Japanese Prime Minister Shinzo Abe started his trip to Cuba. He became the first Japanese leader to visit the socialist country since the Cuban revolution of the 1950s.
The PM arrived in Cuba on Thursday from New York, where he attended the General Assembly of the United Nations (UN).“It is my intention to express to President Raul Castro that Japan will continue to make efforts for the economic and social development of Cuba,”
Abe indicated ahead of the visit.
Abe, who on Thursday met with President Raul Castro to discuss deepening ties, told a news conference that he wanted to use his visit to turn a new page in bilateral relations. He said Japan would contribute to Cuba's development both from the public and private sectors.
Abe has already pledged ¥1.2 billion in grant aid to help Cuba buy equipment needed to improve cancer treatment, at a meeting with Cuban President Raul Castro in Havana Thursday.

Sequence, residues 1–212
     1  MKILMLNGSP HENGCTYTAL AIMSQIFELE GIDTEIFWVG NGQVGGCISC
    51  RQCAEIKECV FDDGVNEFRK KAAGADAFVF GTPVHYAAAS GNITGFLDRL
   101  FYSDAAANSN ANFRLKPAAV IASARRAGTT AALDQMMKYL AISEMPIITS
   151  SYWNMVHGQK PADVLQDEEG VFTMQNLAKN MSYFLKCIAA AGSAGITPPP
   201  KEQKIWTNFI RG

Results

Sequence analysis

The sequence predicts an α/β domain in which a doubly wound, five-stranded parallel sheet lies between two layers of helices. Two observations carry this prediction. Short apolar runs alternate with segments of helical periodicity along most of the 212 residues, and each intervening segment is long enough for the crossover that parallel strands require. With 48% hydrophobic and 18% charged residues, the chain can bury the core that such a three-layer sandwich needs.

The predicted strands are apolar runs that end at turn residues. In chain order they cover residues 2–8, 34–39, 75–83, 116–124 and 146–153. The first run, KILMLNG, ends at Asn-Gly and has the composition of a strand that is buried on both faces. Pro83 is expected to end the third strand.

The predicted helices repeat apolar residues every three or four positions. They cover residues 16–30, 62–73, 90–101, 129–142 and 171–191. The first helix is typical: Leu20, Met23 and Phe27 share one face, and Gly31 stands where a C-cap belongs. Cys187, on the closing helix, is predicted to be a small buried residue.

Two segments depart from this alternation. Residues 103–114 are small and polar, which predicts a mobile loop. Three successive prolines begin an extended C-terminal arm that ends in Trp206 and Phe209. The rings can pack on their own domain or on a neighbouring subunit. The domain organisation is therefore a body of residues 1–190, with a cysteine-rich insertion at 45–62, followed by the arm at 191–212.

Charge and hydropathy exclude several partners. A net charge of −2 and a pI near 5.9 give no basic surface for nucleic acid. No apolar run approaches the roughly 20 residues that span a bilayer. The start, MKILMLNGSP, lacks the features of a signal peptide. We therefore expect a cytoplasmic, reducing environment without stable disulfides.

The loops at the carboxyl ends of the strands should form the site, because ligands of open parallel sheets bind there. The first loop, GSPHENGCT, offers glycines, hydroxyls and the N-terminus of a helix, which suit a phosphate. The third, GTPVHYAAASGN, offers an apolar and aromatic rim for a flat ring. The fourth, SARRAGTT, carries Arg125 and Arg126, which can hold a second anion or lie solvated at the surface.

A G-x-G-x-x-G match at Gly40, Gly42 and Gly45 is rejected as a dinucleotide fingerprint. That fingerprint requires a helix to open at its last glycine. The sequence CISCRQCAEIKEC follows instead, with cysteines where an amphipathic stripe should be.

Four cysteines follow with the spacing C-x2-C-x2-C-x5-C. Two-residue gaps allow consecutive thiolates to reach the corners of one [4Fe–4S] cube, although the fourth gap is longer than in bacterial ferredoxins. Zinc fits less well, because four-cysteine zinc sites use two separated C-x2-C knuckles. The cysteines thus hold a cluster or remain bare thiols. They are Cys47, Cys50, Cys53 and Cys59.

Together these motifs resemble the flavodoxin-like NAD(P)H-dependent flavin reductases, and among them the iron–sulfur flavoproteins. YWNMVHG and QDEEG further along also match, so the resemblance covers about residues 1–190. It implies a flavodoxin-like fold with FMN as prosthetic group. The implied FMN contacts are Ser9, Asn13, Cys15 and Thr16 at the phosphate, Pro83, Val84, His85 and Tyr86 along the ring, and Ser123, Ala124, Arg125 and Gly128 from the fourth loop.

Abe and Castro agreed to begin a study on an envisioned Cuba-Japan medical center that Tokyo hopes will be a pillar of the two countries’ economic cooperation, according to Japanese officials.
Following the meeting, Japanese Ambassador to Cuba Masaru Watanabe and Cuban trade and investment minister Rodrigo Malmierca signed a document on the grant aid in the presence of Abe and Castro.
On the political front, the Japanese leader said North Korea’s repeated missile launches and nuclear tests represent a threat that has reached a level totally different from the past one, calling for cooperation in efforts to strengthen sanctions on Pyongyang.